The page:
Prince of Egypt?
In this week’s parashah we meet Moshe Rabbeinu and learn about his early
experiences. We read (2:10-12), “The boy grew up and she brought him to the
daughter of Pharaoh and he was a son to her. She called his name ‘Moshe,’
as she said, ‘For I drew him from the water.’ It happened in those days
that Moshe grew up and went out to his brethren and observed their burdens;
and he saw an Egyptian man striking a Hebrew man, of his brethren. He
turned this way and that and saw that there was no man, so he struck down
the Egyptian and hid him in the sand.” Rashi z”l explains that the
expression, “the boy grew,” refers to growing up physically while the
expression, “Moshe grew up,” refers to being appointed overseer over
Pharaoh’s house. Ramban z”l comments on the phrase, “[He] went out to his
brethren and observed their burdens,” as follows: “He was told that he was
Jewish, so he wanted to see them, for they were his brethren. Then he saw
their suffering and toil, and he couldn’t stand it; therefore he killed the
R’ Menachem Genack shlita (Englewood, New Jersey) writes: In this light, we
can interpret the phrase, “He turned this way and that,” to mean, “He looked
at the Egyptian man and the Egyptian culture in which he had grown up, and
he looked at the oppressed Jew -- “and [he] saw that there was no man,”
i.e., in his eyes, the Egyptian man was not an important man, not a
representative of a culture worthy of his respect but rather the
representative of a contemptible culture. This reflects Moshe’s greatness,
for he was able to abandon the culture in which he had grown up in favor of
a path of truth and righteousness.
Later in the parashah, the daughters of Yitro call Moshe an “Egyptian man.”
Midrash Rabbah faults Moshe for this and states that this was why he did
not merit burial in Eretz Yisrael. Perhaps, writes R’ Genack, this
criticism is for the fact that Moshe *ever* considered himself to be Egyptian.
On the other hand, the name by which we know Moshe is not the name he was
given by his parents--Toviah or Avigdor--but specifically the name that an
Egyptian princess gave him. Perhaps, suggests R’ Genack, this is meant to
remind us that Moshe could have been an Egyptian prince but had the courage
to abandon his privileged position and come to the rescue of an oppressed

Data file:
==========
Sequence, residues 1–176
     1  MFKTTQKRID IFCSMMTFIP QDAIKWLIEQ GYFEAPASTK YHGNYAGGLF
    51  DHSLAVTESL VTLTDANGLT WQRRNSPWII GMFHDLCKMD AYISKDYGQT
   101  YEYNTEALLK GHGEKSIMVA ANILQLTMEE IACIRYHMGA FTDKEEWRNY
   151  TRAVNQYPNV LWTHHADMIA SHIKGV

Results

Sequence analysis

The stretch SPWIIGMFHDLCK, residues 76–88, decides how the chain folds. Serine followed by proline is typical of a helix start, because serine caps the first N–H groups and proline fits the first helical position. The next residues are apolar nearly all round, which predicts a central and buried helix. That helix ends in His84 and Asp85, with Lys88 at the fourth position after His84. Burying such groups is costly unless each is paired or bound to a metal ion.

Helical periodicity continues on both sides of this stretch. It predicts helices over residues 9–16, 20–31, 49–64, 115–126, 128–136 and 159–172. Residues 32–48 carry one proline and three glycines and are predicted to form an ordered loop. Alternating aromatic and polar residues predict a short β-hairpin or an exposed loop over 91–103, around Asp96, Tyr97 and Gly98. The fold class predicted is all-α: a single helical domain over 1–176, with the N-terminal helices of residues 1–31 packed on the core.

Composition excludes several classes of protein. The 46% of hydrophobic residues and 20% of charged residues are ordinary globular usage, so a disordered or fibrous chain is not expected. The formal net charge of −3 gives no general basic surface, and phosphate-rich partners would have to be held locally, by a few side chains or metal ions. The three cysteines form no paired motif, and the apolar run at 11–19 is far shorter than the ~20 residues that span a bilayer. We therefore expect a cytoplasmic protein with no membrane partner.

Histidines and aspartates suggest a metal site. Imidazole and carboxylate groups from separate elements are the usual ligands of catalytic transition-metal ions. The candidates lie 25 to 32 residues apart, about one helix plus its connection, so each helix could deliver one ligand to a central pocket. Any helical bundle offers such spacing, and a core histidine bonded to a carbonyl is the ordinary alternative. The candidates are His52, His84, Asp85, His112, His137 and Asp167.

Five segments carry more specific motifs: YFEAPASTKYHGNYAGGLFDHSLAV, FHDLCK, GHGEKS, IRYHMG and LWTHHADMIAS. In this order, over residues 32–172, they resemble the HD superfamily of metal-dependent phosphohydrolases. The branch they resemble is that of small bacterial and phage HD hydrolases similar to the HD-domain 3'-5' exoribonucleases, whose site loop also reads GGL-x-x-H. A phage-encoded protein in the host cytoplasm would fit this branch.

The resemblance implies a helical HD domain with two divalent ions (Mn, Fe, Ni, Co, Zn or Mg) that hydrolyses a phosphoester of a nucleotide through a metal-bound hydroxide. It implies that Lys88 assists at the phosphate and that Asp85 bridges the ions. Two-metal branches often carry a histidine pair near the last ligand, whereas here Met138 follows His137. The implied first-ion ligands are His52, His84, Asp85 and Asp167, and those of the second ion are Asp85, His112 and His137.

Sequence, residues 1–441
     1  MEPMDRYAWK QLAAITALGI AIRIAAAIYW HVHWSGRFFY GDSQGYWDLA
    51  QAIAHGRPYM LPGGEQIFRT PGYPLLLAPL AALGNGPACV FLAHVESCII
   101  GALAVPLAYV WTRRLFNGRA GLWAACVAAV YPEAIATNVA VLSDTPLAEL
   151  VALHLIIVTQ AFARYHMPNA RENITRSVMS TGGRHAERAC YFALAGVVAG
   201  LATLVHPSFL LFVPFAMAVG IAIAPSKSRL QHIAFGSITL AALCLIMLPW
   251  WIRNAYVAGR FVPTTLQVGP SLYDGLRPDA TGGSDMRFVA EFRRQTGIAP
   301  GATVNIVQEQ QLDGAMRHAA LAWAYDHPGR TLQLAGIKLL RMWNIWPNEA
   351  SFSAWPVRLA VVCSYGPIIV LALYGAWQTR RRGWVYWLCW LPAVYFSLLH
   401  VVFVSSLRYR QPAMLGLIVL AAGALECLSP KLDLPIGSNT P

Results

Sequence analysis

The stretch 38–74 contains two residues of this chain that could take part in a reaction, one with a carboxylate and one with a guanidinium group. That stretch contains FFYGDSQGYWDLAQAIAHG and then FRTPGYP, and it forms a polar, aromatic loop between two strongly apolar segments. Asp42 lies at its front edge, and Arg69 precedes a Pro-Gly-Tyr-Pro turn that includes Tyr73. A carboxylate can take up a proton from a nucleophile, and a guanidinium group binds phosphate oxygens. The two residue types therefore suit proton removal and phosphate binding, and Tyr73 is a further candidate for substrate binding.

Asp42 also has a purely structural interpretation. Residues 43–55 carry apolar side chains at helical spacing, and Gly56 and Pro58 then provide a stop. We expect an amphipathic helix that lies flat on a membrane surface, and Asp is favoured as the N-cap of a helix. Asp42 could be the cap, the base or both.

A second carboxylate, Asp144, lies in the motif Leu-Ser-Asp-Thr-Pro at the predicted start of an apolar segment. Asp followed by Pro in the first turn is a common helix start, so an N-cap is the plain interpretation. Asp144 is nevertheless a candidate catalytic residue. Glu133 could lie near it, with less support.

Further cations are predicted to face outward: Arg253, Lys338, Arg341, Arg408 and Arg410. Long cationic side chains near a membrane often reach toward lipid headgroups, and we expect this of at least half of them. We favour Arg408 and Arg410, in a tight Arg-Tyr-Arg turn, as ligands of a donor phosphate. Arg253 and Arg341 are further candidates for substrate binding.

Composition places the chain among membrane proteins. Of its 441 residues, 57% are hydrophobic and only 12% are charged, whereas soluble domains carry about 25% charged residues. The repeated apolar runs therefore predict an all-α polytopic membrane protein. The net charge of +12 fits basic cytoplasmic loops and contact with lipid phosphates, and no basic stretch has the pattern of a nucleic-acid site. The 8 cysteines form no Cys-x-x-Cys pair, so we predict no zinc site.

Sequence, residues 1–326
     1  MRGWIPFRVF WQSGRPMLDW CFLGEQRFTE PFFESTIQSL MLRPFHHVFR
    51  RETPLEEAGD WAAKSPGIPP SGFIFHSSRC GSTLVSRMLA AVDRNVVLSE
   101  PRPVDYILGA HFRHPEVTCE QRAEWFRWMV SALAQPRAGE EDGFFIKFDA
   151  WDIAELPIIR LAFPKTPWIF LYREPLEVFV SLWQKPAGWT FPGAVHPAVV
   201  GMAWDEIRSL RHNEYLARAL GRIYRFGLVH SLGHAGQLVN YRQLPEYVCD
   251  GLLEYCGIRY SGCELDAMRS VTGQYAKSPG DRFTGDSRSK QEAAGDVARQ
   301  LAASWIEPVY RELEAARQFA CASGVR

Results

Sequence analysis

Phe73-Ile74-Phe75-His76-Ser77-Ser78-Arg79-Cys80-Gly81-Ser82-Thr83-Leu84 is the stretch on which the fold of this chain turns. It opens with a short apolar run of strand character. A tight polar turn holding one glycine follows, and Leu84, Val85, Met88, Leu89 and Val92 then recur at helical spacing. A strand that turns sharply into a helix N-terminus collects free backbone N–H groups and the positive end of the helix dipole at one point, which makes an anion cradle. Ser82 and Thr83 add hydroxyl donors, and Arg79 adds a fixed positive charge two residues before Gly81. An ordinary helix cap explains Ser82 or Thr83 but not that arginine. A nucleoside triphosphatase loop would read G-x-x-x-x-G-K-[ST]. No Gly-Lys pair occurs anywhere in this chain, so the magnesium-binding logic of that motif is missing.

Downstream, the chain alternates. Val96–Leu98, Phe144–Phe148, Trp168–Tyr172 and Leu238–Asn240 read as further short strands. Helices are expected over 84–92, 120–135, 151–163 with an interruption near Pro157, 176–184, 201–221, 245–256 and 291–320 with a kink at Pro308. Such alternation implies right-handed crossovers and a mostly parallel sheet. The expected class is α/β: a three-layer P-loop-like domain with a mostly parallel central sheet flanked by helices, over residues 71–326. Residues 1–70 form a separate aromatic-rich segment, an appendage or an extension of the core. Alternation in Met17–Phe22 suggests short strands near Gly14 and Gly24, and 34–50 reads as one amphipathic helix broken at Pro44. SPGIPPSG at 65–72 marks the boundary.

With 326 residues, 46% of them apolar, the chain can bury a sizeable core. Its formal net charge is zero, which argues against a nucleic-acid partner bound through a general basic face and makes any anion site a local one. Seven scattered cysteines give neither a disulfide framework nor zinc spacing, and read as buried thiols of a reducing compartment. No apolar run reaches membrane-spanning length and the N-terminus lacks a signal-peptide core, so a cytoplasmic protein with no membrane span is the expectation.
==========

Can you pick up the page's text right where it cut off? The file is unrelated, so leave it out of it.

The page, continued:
Jewish slave. (Birkat Yitzchak)
“The king of Egypt said to the Hebrew midwives, the first of whom was
called ‘Shifrah’ and the second of whom was called was ‘Puah’.” (1:15)
Rashi z”l writes: “Shifrah was Yocheved [the mother of Moshe] . . . Puah was
Miriam [the sister of Moshe].”
R’ Ovadia of Bartenura z”l (1445-1515; Italy and Yerushalayim; Mishnah
commentator) asks: How did Rashi know this? He answers:
“Shifrah” connotes goodness and beauty, and befits someone with the name
“Yocheved,” which connotes “honor.” “Puah” implies crying, which parallels
“Miriam,” from the root meaning to raise one’s voice. (Amar Nakeh)
What forced Rashi to abandon the peshat / straightforward meaning of the
verse, i.e., that Shifrah and Puah were the midwives real names?
R’ Eliyahu Mizrachi z”l (1450-1526) writes that Rashi must have had a
tradition to this effect. (Mizrachi)
R’ Yehuda Loewe z”l (Maharal of Prague; died 1609) writes that the Torah is
intended to teach, not to create mystery. Since we don’t find any other
information in the Torah about Shifrah and Puah [for example, their fathers’
names or their tribe], they must have been people who are already known to
us. (Gur Aryeh)
R’ Menachem Mendel Schneerson z”l (1902-1994; Lubavitcher Rebbe) answers:
The verse is difficult to understand literally. Were there only two
midwives for a nation of hundreds of thousands?
He explains: The reality was, as Shifrah and Puah say later (verse 19), that
the Jewish women did not need midwives. Why then were two midwives
appointed? To calm pregnant women with the knowledge that there would be
midwives available if necessary.
If the mere knowledge that two midwives existed was sufficient to bring
comfort to tens of thousands of women (or more), it follows that those two
midwives must have been known for their righteous and good standing in the
community. That is why Rashi concluded that they were Yocheved and Miriam.
“Moshe was frightened and he thought, ‘Indeed, the matter is known!’”
Rashi comments: “Now I know that which I have been puzzled about, i.e., I
what way has Yisrael sinned more than all the 70 nations, that they should
be oppressed by this crushing servitude? But now I see that they deserve this.”
R’ Yisrael Isserlin z”l (1390-1460; Austria; author of Terumat Ha’deshen)
asks: Didn’t Moshe know that exile had been decreed upon Avraham’s
descendants? He explains:
The Torah says that children will not be killed for their fathers’ sins.
How, then, was this exile possible? When Moshe saw that Bnei Yisrael spoke
lashon hara, the same sin that Yaakov’s sons committed, he understood, for
our Sages teach that children who emulate their fathers’ sins *will* be
punished for their fathers’ sins as well. (Beurei Maharai)